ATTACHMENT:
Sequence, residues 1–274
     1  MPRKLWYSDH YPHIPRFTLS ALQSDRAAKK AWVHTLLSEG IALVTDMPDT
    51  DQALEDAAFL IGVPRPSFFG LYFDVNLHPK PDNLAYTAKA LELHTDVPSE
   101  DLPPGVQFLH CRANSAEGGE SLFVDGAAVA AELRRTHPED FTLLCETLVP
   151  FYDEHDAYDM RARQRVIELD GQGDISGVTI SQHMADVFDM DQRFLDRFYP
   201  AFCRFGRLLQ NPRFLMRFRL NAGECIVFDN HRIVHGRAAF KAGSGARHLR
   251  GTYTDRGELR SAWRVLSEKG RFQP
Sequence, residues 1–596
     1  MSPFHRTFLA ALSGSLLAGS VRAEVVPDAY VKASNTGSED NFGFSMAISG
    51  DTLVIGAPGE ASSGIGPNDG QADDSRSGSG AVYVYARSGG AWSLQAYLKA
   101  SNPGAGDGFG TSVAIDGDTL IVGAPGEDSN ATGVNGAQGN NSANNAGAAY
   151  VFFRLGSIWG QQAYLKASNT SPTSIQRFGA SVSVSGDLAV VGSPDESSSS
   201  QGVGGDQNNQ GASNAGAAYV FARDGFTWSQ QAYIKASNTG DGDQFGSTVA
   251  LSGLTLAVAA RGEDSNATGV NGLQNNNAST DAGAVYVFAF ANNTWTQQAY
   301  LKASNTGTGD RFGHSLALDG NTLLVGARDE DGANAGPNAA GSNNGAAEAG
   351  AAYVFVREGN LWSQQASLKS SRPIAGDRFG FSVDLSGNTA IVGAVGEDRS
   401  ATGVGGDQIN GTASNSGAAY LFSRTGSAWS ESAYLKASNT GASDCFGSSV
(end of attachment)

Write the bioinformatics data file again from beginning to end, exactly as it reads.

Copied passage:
Sequence, residues 1–274
     1  MPRKLWYSDH YPHIPRFTLS ALQSDRAAKK AWVHTLLSEG IALVTDMPDT
    51  DQALEDAAFL IGVPRPSFFG LYFDVNLHPK PDNLAYTAKA LELHTDVPSE
   101  DLPPGVQFLH CRANSAEGGE SLFVDGAAVA AELRRTHPED FTLLCETLVP
   151  FYDEHDAYDM RARQRVIELD GQGDISGVTI SQHMADVFDM DQRFLDRFYP
   201  AFCRFGRLLQ NPRFLMRFRL NAGECIVFDN HRIVHGRAAF KAGSGARHLR
   251  GTYTDRGELR SAWRVLSEKG RFQP
Sequence, residues 1–596
     1  MSPFHRTFLA ALSGSLLAGS VRAEVVPDAY VKASNTGSED NFGFSMAISG
    51  DTLVIGAPGE ASSGIGPNDG QADDSRSGSG AVYVYARSGG AWSLQAYLKA
   101  SNPGAGDGFG TSVAIDGDTL IVGAPGEDSN ATGVNGAQGN NSANNAGAAY
   151  VFFRLGSIWG QQAYLKASNT SPTSIQRFGA SVSVSGDLAV VGSPDESSSS
   201  QGVGGDQNNQ GASNAGAAYV FARDGFTWSQ QAYIKASNTG DGDQFGSTVA
   251  LSGLTLAVAA RGEDSNATGV NGLQNNNAST DAGAVYVFAF ANNTWTQQAY
   301  LKASNTGTGD RFGHSLALDG NTLLVGARDE DGANAGPNAA GSNNGAAEAG
   351  AAYVFVREGN LWSQQASLKS SRPIAGDRFG FSVDLSGNTA IVGAVGEDRS
   401  ATGVGGDQIN GTASNSGAAY LFSRTGSAWS ESAYLKASNT GASDCFGSSV